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©2010 Prentice Hall Business Publishing, Auditing 13/e, Arens/Elder/Beasley 9 - 1 Materiality and Risk Chapter 9.

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Presentation on theme: "©2010 Prentice Hall Business Publishing, Auditing 13/e, Arens/Elder/Beasley 9 - 1 Materiality and Risk Chapter 9."— Presentation transcript:

1 ©2010 Prentice Hall Business Publishing, Auditing 13/e, Arens/Elder/Beasley Materiality and Risk Chapter 9

2 ©2010 Prentice Hall Business Publishing, Auditing 13/e, Arens/Elder/Beasleyr Materiality It is a major consideration in determining the appropriate audit report to issue.

3 ©2010 Prentice Hall Business Publishing, Auditing 13/e, Arens/Elder/Beasleyr Materiality The auditor’s responsibility is to determine whether financial statements are materially misstated. If there is a material misstatement, the auditor will bring it to the client’s attention so that a correction can be made.

4 ©2010 Prentice Hall Business Publishing, Auditing 13/e, Arens/Elder/Beasleyr Steps in Applying Materiality Planning extent of tests Step 1 Set preliminary judgment about materiality Step 2 Allocate preliminary judgment about materiality to segments

5 ©2010 Prentice Hall Business Publishing, Auditing 13/e, Arens/Elder/Beasleyr Steps in Applying Materiality Evaluating results Step 3 Estimate total misstatement in segment Step 4 Estimate the combined misstatement Compare combined estimate with judgment about materiality Step 5

6 ©2010 Prentice Hall Business Publishing, Auditing 13/e, Arens/Elder/Beasleyr Set Preliminary Judgment About Materiality This preliminary judgment is the maximum amount by which the auditor believes the statements could be misstated and still not affect the decisions of reasonable users. Auditors decide early in the audit the combined amount of misstatements of the financial statements that would be considered material.

7 ©2010 Prentice Hall Business Publishing, Auditing 13/e, Arens/Elder/Beasleyr Factors Affecting Judgment Materiality is a relative rather than an absolute concept. Bases are needed for evaluating materiality. Qualitative factors also affect materiality.

8 ©2010 Prentice Hall Business Publishing, Auditing 13/e, Arens/Elder/Beasleyr Guidelines Guidelines Accounting and auditing standards do not provide specific materiality guidelines to practitioners. Professional judgment is to be used at all times in setting and applying materiality guidelines.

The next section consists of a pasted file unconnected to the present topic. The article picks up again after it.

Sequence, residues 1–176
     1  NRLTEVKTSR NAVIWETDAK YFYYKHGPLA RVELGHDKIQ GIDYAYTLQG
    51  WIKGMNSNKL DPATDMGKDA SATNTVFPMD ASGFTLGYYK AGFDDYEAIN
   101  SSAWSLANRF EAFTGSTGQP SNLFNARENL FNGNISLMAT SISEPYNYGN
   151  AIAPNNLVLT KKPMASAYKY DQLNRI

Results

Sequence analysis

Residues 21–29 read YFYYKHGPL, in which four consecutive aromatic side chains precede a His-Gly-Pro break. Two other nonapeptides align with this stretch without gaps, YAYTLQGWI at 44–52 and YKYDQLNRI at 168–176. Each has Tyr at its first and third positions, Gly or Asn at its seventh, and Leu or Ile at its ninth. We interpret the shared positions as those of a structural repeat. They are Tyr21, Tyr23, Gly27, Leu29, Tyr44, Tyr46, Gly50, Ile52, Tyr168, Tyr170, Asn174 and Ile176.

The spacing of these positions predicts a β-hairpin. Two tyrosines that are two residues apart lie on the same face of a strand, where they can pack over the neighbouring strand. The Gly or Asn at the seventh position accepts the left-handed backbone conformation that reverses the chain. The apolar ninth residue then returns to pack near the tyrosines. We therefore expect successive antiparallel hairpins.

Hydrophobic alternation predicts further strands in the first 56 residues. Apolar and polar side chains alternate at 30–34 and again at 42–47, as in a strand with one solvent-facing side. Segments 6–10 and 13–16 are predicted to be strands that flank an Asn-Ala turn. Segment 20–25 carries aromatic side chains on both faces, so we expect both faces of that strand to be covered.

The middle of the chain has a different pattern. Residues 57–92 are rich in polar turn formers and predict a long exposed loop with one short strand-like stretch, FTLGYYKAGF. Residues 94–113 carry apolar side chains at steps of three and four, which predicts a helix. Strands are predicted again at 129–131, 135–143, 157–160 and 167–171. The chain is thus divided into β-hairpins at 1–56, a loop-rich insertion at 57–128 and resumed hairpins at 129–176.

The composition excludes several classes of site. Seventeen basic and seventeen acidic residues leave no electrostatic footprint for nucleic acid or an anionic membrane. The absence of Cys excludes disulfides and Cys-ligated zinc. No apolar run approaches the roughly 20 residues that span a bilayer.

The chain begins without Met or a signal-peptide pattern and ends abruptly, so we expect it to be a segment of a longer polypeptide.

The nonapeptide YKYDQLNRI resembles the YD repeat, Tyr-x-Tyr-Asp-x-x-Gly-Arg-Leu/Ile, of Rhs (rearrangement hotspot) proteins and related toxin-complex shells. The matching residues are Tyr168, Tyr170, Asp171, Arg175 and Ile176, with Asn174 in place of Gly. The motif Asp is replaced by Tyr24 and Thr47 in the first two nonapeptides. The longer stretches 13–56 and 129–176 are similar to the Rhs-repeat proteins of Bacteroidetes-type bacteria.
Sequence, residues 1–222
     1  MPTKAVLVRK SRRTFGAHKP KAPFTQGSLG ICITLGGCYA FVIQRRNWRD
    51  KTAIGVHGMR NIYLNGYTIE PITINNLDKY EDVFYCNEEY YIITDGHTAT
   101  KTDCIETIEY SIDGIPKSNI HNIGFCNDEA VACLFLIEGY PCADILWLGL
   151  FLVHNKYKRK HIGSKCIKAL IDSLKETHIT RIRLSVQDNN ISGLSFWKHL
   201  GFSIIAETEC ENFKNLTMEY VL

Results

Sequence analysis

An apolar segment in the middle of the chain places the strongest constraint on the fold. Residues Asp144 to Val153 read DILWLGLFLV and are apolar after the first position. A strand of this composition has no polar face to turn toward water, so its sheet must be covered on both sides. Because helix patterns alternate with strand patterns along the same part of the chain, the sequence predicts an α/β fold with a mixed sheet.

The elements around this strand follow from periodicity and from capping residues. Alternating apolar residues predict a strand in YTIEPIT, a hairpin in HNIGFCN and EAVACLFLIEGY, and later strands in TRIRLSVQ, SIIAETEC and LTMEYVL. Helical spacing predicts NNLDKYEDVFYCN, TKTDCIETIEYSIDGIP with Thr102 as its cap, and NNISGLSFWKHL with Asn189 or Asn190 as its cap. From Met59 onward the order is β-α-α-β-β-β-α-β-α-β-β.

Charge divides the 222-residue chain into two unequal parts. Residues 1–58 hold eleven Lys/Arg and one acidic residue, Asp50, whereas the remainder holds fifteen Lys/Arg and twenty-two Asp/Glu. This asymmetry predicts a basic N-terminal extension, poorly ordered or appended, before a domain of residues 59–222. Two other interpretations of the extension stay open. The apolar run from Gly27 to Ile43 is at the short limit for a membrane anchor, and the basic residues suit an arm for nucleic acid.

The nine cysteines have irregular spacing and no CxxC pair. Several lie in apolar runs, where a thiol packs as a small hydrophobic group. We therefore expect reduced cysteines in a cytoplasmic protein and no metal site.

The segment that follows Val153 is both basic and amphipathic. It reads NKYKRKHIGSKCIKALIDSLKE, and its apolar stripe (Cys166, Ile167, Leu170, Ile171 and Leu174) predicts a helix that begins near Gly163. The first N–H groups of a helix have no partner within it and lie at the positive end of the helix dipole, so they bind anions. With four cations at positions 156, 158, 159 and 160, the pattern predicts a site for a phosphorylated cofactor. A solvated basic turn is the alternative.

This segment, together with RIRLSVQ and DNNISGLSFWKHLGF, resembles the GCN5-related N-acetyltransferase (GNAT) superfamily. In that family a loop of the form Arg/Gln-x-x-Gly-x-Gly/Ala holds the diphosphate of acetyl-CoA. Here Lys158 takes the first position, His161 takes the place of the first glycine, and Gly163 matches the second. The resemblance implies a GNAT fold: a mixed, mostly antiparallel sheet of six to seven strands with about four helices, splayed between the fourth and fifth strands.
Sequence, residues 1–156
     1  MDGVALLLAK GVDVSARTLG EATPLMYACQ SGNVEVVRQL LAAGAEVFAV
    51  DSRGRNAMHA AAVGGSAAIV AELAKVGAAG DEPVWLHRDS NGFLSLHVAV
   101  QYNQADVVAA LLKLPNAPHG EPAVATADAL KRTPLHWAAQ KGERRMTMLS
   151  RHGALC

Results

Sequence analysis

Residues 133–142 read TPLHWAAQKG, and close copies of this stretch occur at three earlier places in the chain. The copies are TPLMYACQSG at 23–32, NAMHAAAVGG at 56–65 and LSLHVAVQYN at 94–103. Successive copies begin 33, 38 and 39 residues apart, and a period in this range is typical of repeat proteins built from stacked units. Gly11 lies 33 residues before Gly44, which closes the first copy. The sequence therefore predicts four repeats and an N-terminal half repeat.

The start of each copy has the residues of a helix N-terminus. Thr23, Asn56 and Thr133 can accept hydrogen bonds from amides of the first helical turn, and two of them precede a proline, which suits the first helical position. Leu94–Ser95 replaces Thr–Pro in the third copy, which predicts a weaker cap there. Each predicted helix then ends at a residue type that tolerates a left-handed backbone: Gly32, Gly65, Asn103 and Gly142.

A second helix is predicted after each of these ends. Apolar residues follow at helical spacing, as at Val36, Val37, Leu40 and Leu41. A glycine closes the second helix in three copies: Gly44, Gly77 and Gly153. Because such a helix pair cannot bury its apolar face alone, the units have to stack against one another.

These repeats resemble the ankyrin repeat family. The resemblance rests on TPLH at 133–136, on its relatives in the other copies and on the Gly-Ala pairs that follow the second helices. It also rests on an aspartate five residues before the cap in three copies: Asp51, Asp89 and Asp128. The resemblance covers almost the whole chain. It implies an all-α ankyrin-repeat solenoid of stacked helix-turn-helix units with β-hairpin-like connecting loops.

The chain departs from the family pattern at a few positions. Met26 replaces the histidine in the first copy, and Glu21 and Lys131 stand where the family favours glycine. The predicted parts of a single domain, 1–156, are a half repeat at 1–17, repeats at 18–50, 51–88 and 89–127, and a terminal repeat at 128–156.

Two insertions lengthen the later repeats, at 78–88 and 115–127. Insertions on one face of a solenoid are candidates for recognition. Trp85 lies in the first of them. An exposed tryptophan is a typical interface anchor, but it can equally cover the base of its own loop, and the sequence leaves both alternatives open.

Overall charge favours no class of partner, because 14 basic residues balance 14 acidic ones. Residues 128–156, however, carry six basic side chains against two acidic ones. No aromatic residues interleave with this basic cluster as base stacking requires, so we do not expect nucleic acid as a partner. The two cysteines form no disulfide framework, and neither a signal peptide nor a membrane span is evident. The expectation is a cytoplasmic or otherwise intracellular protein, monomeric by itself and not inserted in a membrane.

9 ©2010 Prentice Hall Business Publishing, Auditing 13/e, Arens/Elder/Beasleyr Risk Auditors accept some level of risk in performing the audit. An effective auditor recognizes that risks exist, are difficult to measure, and require careful thought to respond. Responding to risks properly is critical to achieving a high-quality audit.

10 ©2010 Prentice Hall Business Publishing, Auditing 13/e, Arens/Elder/Beasleyr Risk and Evidence Auditors gain an understanding of the client’s business and industry and assess client business risk. Auditors use the audit risk model to further identify the potential for misstatements and where they are most likely to occur.

11 ©2010 Prentice Hall Business Publishing, Auditing 13/e, Arens/Elder/Beasleyr Factors Affecting Acceptable Audit Risk  The degree to which external users rely on the statements  The likelihood that a client will have financial difficulties after the audit report is issued  The auditor’s evaluation of management’s integrity

12 ©2010 Prentice Hall Business Publishing, Auditing 13/e, Arens/Elder/Beasleyr Factors Affecting Inherent Risk  Nature of the client’s business  Results of previous audits  Initial versus repeat engagement  Related parties  Nonroutine transactions  Judgment required to correctly record account balances and transactions  Makeup of the population  Factors related to fraudulent financial reporting  Factors related to misappropriation of assets

13 ©2010 Prentice Hall Business Publishing, Auditing 13/e, Arens/Elder/Beasleyr Relationship of Factors Influencing Risks to Risks and Risks to Planned Evidence  The engagement may require more experienced staff  The engagement will be reviewed more carefully than usual  Auditors can change the audit torespond to risks

14 ©2010 Prentice Hall Business Publishing, Auditing 13/e, Arens/Elder/Beasley End of Chapter 9


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